I’ve been a on-off PHP developer for a while, and for the most part – I’ve been too busy doing all of my blogging stuff, to be focusing upon development for a reasonable amount of time, I’m trying to change that though.
Blogging is great, but not because it allows me to connect with a lot of people at any given time, it’s great because it enables me to see the missing elements in some parts of the web, and so it gives me the ability to fix something, if I am up for the job.
Just recently, a new idea came to me – I’m keeping it secret for now – and I knew that I need to fire up my development part of the brain, and get down to it. The best choice seemed Laravel, as it’s very flexible and I just love the community it has behind it.
What I learned now, when I started researching and getting my hands on some real material like books from trusted authors – is that there is quite a bit of variety available, and to be fair – a lot of the good stuff is already free.
Though, my love for developers and creative people goes further than that, and so I still want to give credit to these five amazing authors for their dedication and support of the community that Laravel is.
I’m making sure that every book on this list has been updated for Laravel 4+, the latest version of the framework. The author, Dayle Rees has spent a lot of time building this book – trying to making the only resource anyone should need to learn all that Laravel has to offer.
I think he has done a great job so far, and he certainly caught my attention – as I’m a proud owner of the book myself. In his own words, he has said that the book is far from perfect – which I think is what makes it so beautiful, there are thousands of people holding a copy of it. (well, having a copy of it)
And so, if there are any errors out there inside of the book, chances are you won’t have to wait for too long to find an answer from other community members. It also inspires to find the solutions by trial and error, something I really enjoy.
Laravel: Code Bright will contain a complete learning experience for all of the framework’s features. The style of writing will make it approachable for beginners, and a wonderful reference resource for experienced developers alike.
In this book, Raphaël Saunier will guide you through the beginning phases of Laravel 4, and how it all comes together. It begins very smoothly, without any pressure on the developer reading and learning, it assumes that you’re a complete beginner and so everything happens in baby steps.
You’ll learn things like why Composer is important for Laravel, and how it works. It has a dedicated section for it, really making sure that you won’t need to question Composer ever again.
The rest of the book is built so that you learn about the things like Blade, Page Controllers, Modules and everything else that comes as part of Laravel.
It’s only 128 pages long, so you won’t be spending endless hours on learning complex stuff, it does exactly what the title says it would – it’s going to introduce you to Laravel and the basic mechanism of it.
Who else can teach you about something, if not the creator himself of that very something? This book has been written and published by Taylor Otwell, who is the mastermind behind the Laravel framework.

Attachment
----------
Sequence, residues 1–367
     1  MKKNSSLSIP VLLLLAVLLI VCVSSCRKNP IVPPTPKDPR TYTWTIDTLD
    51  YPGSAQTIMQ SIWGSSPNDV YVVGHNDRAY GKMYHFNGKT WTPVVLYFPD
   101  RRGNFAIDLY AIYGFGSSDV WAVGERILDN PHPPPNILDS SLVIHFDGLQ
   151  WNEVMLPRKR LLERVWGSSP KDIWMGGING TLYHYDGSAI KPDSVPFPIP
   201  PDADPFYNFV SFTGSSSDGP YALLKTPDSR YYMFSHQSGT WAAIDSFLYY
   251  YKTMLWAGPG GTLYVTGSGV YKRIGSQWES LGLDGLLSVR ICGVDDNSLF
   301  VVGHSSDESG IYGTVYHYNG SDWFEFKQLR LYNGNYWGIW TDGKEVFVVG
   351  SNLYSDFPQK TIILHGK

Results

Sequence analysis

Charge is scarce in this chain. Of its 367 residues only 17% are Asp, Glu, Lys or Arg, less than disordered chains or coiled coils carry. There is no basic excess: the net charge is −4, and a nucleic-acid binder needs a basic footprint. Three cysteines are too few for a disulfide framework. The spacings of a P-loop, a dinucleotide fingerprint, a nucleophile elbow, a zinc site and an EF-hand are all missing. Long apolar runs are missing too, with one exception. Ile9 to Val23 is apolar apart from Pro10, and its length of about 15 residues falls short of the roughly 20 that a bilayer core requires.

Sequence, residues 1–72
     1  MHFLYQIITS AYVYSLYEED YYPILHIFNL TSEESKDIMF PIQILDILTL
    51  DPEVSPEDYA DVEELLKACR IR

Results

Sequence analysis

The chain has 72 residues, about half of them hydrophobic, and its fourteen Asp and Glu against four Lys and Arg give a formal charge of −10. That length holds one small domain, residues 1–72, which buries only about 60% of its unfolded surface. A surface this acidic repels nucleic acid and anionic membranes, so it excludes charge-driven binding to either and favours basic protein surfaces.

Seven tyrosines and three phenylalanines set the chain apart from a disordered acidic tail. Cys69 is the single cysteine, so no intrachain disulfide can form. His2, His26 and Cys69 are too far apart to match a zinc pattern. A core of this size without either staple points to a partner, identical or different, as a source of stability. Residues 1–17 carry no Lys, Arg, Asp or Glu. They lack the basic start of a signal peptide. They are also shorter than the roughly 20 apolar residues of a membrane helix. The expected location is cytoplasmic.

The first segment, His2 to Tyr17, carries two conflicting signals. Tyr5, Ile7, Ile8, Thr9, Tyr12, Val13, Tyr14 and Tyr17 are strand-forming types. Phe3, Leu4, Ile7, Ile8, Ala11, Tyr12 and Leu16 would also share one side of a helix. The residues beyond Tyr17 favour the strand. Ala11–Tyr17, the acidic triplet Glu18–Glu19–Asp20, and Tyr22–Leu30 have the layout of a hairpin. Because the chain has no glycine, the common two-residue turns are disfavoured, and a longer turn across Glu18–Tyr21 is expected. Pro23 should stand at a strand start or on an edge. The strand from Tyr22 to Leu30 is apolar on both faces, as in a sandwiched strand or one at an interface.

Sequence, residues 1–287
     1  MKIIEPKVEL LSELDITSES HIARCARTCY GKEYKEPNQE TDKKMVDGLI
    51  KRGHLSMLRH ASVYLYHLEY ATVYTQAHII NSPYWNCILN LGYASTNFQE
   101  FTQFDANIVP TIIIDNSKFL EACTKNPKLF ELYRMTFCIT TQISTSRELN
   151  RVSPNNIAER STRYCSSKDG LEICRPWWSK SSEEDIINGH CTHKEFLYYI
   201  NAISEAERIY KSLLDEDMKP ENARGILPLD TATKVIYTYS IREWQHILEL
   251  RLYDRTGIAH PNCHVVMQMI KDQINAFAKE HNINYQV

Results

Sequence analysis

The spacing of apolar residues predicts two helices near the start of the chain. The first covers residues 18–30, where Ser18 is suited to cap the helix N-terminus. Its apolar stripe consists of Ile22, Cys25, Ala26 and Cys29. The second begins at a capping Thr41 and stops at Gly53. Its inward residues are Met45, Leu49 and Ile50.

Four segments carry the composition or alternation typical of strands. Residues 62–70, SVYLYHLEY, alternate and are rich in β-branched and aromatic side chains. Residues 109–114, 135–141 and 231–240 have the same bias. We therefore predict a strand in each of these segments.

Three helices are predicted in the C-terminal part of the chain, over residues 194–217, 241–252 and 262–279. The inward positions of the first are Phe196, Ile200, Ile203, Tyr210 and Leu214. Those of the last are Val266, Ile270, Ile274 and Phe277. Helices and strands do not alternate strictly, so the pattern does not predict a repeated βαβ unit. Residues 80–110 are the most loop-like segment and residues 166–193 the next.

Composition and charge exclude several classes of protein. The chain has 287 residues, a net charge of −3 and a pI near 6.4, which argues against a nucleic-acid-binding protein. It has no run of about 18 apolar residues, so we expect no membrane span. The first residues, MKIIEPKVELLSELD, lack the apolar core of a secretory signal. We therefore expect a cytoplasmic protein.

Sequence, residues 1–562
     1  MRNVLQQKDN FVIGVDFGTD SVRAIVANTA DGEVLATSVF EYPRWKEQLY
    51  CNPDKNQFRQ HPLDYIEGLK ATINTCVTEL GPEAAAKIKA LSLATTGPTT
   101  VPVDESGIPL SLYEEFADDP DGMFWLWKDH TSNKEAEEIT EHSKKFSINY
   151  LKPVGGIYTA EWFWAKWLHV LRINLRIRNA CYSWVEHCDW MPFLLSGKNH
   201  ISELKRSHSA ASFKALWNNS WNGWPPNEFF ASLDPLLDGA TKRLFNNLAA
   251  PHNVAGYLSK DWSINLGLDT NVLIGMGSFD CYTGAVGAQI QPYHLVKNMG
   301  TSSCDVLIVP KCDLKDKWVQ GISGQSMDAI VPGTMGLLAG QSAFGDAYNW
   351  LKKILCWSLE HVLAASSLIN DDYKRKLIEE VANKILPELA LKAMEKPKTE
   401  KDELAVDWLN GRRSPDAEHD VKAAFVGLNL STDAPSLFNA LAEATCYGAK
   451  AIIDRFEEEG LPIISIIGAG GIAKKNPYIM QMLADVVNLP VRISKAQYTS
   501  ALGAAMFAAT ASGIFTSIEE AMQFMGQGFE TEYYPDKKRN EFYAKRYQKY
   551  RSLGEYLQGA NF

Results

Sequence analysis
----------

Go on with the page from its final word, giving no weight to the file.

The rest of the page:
This book might not be the best starting point for newcomers, and there are definitely much better alternatives available out there, see the sample chapter to see what I’m talking about.
You’ll learn about dependency injection, interfaces, service providers, SOLID design, and more while exploring practical, real-world code examples. Great Laravel 4 book to add to the collection once you feel confident about building applications.
Jeffrey Way has been a PHP developer for a really long time now, if you’ve been around the web for long enough, you might remember him as the instructor on the popular developer website Tuts+ – I remember picking up some slack from his PHP guides back in the day.
He is also the founder of the ever popular Laracasts website, which provides hundreds of video tutorials for learning Laravel and all that it has to offer – I’m a subscriber myself, so I can vouch for the quality.
In this book however, you’ll learn how to test applications and how to test them good.That messy, untestable spaghetti code that you might have snuck into your project in the past will never happen again. It’s meant for everyone, so whenever your Laravel skills grow to a certain level, it might be a good idea to grab this book to deepen your knowledge.
This book is still being written, though 80% is already available to the public. It’s being written by Christopher Pitt and once again, the Laravel mastermind Taylor Otwell. As we all know, cookbook’s are basically books that contain ‘recipes’ or in this case, projects for you to work with.
The great thing is, these projects usually teach us a lot of stuff, and it’s extremely easy to return back to them. Like in this book, the first chapter is Authentication, and when you think about it – you will be using authentication for your future projects a lot, it’s one of the most common things to do – to work with the database.
I’ve not have had a chance to get this book yet, but I’ve seen good feedback for it and the content looks amazing. Hoping to see the final version soon, perhaps I’ll be proficient enough by then. hah!
As you might know, Laracon 2014 is also approaching very quickly, and I’m quite sure that we’re going to learn about a lot of new stuff that wasn’t there before, Taylor has already been teasing the Twittersphere with some interesting tweets.
This post was built as a reference both to myself, and for those who’re looking to get started with this amazing PHP framework. I’ve only been playing around for a little while, but I do feel like a part of the community – which truly is helpful and understanding.
You can totally plug your own book in the comments if you want!